The poem opens with the sensual image, “the slope of her back.” This erotic feminine image immediately segues into a metaphor for the mystery woman’s body. Her body is compared to “petite teacups” that act as a defense “against the hurled aggression of the day.” The feminine structure of her lover’s back is juxtaposed with the everyday experience of oppression/aggression. Then, the body metaphor takes on a deeper meaning as it encompasses the reality of oppression (through labor/work) that is leveled against women of color daily in society. There is a dual consciousness that is raised during this part of the poem, particularly relevant to Chen’s life as she is a daughter of Chinese immigrants. The reality of having multiple cultural/racial/sexual identities is explored by Chen’s awareness of the multiple functions of her lover’s (physical) body.
Chen’s lover is likened to a machine who “unscrews her tin shoulder.” While undressing, Chen is sexually aroused from the appearance of her lover’s body and the vulnerability of the moment. The metaphor of the lover’s body (as machine) is extended as Chen oils and watches as “she whirrs.” This is an especially titillating sexual metaphor, and it goes on until the “wet ground” provides “a familiar taste.” The reader is left questioning, if the lover exists? Did this experience happen? Chen’s final couple lines do little to answer our questions: “we sit inside / licking the lips off our beloved.” I like to think of this poem as a memory of the ‘everyday life’ moments in a relationship with a woman. The dream is her lover and the lover is her dream.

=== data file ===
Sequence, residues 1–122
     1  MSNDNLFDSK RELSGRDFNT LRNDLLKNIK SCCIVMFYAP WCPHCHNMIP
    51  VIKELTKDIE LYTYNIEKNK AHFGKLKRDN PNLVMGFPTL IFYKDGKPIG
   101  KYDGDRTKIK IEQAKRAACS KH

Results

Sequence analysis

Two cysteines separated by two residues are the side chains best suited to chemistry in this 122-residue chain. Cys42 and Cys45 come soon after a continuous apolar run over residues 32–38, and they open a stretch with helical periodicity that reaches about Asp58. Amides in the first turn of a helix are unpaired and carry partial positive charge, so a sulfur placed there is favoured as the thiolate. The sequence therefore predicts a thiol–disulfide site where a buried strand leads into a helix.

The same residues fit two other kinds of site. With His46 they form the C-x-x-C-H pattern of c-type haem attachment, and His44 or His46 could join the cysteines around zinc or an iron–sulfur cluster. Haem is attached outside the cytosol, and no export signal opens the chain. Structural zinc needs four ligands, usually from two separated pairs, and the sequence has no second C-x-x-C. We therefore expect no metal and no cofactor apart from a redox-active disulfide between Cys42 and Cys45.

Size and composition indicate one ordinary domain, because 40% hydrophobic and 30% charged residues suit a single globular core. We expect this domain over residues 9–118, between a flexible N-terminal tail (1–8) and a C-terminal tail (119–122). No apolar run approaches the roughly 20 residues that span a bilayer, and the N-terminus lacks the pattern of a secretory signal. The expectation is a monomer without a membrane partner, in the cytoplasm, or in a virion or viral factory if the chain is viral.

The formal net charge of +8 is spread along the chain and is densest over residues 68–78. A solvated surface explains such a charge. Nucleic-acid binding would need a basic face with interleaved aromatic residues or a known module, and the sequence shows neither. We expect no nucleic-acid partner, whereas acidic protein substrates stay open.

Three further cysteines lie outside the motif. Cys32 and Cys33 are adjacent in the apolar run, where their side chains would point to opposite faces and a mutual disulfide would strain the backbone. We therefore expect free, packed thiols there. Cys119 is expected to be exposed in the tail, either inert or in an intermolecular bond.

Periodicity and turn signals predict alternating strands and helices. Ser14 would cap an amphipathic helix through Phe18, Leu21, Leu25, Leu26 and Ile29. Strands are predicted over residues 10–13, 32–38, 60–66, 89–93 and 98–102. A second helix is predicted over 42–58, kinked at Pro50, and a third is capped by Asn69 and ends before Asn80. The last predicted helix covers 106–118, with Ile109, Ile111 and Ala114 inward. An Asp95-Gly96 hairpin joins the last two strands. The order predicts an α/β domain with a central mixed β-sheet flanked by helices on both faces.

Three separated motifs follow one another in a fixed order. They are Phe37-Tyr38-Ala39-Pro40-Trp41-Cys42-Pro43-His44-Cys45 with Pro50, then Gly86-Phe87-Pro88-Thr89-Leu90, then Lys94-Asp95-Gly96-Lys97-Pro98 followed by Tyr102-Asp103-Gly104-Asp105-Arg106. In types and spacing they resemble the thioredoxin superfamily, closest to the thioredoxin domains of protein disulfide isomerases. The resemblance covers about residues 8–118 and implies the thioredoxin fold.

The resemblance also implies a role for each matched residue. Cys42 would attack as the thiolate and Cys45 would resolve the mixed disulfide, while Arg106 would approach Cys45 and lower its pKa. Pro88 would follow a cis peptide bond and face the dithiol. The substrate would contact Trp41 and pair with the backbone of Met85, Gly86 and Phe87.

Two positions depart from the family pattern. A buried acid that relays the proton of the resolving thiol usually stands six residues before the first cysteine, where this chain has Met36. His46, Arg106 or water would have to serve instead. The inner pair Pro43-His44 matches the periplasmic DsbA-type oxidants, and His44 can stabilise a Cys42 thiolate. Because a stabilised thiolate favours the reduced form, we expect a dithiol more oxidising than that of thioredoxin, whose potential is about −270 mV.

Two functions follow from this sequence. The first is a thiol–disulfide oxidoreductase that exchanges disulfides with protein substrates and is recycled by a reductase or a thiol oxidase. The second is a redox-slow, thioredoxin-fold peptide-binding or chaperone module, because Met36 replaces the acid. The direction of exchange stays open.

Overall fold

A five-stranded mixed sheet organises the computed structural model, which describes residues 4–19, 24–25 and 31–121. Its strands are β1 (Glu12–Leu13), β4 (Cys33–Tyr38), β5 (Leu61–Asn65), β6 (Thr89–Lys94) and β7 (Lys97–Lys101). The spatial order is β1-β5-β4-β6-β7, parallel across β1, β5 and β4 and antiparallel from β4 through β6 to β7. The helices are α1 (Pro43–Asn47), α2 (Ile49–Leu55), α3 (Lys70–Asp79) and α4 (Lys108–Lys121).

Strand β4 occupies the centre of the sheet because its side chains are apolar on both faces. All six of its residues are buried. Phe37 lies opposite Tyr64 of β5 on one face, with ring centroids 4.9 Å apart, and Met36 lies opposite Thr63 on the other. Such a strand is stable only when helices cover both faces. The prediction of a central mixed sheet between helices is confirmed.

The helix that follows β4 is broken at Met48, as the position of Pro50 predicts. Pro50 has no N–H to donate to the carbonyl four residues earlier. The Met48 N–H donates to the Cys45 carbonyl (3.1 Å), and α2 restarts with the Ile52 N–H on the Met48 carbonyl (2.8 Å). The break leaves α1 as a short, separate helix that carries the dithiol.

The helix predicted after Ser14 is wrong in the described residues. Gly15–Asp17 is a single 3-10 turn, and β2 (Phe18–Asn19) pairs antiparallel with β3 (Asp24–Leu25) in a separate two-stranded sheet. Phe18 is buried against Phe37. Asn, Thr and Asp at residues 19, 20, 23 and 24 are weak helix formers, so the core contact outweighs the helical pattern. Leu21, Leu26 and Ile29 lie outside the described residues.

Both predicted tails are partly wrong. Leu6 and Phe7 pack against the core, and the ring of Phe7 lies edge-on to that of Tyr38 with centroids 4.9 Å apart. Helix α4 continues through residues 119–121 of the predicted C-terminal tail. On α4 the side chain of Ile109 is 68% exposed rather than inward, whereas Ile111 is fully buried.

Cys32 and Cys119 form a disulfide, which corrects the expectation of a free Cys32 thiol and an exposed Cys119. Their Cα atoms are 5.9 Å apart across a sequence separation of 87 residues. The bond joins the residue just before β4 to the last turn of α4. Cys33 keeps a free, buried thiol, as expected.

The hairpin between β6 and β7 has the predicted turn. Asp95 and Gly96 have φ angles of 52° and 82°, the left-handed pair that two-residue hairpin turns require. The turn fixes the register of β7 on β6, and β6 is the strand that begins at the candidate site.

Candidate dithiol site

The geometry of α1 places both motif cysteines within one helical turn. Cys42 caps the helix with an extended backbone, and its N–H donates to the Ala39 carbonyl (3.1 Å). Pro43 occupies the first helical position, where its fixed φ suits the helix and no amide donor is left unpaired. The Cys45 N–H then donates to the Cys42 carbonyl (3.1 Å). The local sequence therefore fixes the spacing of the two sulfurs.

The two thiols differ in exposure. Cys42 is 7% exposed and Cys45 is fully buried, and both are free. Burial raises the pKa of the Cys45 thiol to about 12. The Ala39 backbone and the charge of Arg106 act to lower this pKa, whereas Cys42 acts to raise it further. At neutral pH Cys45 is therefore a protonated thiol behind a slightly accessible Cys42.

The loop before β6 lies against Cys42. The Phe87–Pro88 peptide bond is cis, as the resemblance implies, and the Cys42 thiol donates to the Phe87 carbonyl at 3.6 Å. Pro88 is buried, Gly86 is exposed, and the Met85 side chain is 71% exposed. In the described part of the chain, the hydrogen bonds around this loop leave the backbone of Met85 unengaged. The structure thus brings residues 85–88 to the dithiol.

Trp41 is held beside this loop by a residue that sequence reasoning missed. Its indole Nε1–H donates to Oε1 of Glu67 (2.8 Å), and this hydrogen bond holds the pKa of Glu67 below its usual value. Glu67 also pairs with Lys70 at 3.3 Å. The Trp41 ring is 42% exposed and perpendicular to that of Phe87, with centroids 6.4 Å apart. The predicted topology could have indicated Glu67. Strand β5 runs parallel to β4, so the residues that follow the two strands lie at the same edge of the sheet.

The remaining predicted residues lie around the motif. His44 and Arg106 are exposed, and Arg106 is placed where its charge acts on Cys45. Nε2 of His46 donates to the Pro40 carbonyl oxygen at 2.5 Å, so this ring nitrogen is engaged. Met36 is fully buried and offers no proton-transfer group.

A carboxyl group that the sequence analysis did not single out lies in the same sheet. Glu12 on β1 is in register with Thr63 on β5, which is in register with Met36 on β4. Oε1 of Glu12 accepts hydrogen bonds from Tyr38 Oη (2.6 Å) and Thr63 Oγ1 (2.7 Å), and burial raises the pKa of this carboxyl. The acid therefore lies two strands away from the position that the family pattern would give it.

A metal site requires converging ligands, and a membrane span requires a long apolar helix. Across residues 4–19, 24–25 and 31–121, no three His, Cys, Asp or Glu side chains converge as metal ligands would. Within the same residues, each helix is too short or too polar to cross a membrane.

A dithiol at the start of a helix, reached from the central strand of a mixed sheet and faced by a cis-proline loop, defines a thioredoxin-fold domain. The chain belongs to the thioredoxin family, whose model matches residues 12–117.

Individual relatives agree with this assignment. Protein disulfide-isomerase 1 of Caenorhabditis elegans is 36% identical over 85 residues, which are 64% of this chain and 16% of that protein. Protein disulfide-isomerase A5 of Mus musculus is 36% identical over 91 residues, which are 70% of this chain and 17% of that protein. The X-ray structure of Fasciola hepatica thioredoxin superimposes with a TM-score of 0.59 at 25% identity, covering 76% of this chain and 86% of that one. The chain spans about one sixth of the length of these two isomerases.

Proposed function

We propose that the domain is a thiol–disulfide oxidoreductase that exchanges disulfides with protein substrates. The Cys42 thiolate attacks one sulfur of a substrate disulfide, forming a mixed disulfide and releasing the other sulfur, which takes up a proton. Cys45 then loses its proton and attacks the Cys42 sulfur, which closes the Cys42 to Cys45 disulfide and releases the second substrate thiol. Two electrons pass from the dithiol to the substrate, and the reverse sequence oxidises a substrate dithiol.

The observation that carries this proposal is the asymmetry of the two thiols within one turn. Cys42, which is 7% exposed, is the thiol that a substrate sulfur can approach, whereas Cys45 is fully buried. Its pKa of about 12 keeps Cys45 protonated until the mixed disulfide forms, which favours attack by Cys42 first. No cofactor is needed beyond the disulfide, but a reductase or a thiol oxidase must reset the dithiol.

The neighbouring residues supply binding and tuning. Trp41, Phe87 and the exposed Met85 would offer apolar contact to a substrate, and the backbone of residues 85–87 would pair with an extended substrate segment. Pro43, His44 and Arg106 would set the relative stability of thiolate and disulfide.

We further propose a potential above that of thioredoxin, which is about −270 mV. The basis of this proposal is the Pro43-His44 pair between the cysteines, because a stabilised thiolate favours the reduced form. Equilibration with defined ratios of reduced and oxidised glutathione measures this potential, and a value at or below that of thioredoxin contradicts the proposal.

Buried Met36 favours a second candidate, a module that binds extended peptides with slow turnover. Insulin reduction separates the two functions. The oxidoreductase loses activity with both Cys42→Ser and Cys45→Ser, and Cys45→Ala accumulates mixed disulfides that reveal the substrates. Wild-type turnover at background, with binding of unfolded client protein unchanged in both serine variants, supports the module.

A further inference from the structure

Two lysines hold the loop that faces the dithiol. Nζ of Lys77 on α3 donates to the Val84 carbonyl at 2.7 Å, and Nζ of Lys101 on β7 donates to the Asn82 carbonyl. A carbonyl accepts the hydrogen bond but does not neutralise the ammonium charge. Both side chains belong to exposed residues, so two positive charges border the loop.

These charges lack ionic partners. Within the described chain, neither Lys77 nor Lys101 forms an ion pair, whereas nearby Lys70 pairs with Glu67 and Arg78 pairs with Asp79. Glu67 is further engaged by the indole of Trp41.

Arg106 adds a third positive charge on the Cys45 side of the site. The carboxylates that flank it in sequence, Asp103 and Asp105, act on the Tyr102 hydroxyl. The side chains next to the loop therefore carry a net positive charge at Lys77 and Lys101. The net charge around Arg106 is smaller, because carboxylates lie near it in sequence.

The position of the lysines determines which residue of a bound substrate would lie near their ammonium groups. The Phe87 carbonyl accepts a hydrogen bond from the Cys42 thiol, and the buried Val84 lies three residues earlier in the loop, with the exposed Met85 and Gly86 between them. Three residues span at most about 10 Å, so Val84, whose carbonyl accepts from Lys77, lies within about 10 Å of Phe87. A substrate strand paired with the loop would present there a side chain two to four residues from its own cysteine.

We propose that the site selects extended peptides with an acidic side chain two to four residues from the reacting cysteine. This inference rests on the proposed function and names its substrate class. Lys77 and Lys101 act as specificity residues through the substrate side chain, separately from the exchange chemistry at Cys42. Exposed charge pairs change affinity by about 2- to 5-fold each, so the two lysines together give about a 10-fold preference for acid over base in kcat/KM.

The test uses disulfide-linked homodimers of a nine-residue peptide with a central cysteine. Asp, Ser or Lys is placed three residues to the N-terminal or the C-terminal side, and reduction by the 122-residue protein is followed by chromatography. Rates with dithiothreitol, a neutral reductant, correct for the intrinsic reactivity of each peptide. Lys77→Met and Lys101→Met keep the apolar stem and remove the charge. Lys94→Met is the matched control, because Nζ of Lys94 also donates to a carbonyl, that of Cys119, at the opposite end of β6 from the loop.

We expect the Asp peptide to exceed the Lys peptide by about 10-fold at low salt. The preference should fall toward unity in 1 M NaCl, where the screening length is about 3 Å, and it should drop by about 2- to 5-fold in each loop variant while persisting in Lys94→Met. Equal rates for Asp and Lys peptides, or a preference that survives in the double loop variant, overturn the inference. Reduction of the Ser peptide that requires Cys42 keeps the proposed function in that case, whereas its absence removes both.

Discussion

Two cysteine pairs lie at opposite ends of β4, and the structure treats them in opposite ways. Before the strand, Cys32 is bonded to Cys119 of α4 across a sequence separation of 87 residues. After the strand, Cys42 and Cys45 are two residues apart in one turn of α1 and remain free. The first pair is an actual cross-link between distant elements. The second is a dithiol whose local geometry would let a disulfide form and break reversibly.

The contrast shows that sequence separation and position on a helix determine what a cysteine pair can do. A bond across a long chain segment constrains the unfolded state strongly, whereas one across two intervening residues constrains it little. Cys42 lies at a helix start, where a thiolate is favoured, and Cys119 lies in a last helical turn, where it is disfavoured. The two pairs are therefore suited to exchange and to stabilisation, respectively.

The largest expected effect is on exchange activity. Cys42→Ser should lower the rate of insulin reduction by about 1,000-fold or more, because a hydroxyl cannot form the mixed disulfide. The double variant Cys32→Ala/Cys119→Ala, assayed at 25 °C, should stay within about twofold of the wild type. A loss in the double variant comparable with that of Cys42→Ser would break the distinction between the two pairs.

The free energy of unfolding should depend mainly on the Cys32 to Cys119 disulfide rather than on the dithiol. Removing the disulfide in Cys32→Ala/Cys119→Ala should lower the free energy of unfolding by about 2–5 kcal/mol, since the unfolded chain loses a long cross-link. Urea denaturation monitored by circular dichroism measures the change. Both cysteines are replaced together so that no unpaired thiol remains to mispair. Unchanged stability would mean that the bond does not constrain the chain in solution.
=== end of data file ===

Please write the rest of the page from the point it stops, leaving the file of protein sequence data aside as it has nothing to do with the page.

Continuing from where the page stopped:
by Amber Smith
Author Dianne Simmons will be performing her story “In The Garden,” which originally appeared in DB#13, in NYC this coming week.
Where? Cornelia Street Cafe, NYC
When? August 21, 2011 @ 6pm
Cover? $7, includes a drink and more readings
In The Garden
(from Drunken Boat #13)
I’m out whacking blackberry bushes with the machete when Lulu and Guy come driving up with a jar of Red Zinger and a bottle of gin. Palmer is in his shop sawing away on something so Lulu goes and pounds on his window. He must have looked up because she starts a little war dance, waving the bottle of gin over her head. Lulu is a big goofy redhead in cat-eye glasses and you never know what she’ll do next. She acts all flirty toward Palmer but I don’t think it’s personal. I think that’s just how she is.
Guy comes over to me and asks how it’s going down in the garden. He gave up on his own garden, so now he always makes a point of sympathizing with me about mine. I complain to him that with all the rain—it seems like it’s been raining more than usual—the blackberry vines grow over the path in just one day. By the second day they’ve linked up so you can’t get through. You’ve got to be out there constantly whacking.
Of course we talk about the slugs because that’s the main thing that drives everybody crazy around here. They overrun your garden every night, and in the morning you find dozens of them, sprawled out on the lettuce leaves like they’ve been on a drunk.
You should like them, too! And you should also go to their reading.
The reading is FREE and open to the public.
Maria Damon (see her vispo in DB#10)
Jennifer K. Dick
Deborah Poe (our beloved fiction ed, read her in DB#8)
Michael Ruby (look out for him in DB#14)